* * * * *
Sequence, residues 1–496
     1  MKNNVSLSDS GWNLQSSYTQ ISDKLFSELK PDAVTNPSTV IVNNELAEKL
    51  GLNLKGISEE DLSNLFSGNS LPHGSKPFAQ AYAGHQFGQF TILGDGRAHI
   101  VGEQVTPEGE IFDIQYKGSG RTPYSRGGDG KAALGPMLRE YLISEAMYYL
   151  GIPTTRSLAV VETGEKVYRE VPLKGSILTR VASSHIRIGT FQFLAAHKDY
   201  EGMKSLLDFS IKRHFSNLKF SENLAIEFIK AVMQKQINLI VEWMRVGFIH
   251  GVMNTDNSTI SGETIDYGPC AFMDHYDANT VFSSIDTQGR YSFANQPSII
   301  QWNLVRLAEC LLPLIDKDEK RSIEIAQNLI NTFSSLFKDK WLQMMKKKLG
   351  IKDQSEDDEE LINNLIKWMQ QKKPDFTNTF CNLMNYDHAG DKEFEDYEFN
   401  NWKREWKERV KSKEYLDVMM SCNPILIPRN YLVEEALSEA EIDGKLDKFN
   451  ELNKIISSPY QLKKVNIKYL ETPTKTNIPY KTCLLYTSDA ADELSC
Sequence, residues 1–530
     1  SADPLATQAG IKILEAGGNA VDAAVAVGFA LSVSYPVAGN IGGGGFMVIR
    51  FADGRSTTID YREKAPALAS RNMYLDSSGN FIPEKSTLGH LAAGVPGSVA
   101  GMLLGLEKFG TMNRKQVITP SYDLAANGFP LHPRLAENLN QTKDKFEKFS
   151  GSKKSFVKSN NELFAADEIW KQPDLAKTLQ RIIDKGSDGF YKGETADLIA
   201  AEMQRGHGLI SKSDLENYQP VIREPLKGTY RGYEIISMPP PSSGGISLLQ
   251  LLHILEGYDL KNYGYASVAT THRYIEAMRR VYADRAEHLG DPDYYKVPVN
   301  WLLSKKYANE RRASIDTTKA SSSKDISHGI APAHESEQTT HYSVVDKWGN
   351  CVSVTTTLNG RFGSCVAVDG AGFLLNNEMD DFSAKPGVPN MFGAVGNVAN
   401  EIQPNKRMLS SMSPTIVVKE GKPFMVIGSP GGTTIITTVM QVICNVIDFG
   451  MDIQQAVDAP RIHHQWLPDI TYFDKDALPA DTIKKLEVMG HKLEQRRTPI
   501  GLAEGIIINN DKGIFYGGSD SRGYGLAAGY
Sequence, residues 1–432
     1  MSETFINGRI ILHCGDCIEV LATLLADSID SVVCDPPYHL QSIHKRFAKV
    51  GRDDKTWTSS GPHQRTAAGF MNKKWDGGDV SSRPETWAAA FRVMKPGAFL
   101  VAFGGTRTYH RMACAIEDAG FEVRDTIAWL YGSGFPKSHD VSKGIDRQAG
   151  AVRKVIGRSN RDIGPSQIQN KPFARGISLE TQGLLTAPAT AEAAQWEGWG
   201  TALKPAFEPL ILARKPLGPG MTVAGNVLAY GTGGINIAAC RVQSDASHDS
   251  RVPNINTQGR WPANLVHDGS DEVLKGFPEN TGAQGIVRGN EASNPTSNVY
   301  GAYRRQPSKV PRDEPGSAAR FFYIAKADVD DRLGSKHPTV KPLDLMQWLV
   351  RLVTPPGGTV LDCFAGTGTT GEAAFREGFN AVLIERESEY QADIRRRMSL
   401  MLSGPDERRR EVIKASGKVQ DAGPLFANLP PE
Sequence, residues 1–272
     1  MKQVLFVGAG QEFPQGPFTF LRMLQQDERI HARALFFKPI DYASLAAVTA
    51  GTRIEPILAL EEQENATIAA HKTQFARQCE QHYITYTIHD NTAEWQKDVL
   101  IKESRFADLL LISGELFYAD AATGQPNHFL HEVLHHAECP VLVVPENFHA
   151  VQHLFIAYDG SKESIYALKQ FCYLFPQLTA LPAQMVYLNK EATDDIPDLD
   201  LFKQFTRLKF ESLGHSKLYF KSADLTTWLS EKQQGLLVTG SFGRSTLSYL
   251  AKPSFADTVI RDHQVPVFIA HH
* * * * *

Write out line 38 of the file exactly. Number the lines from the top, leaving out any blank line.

   151  VQHLFIAYDG SKESIYALKQ FCYLFPQLTA LPAQMVYLNK EATDDIPDLD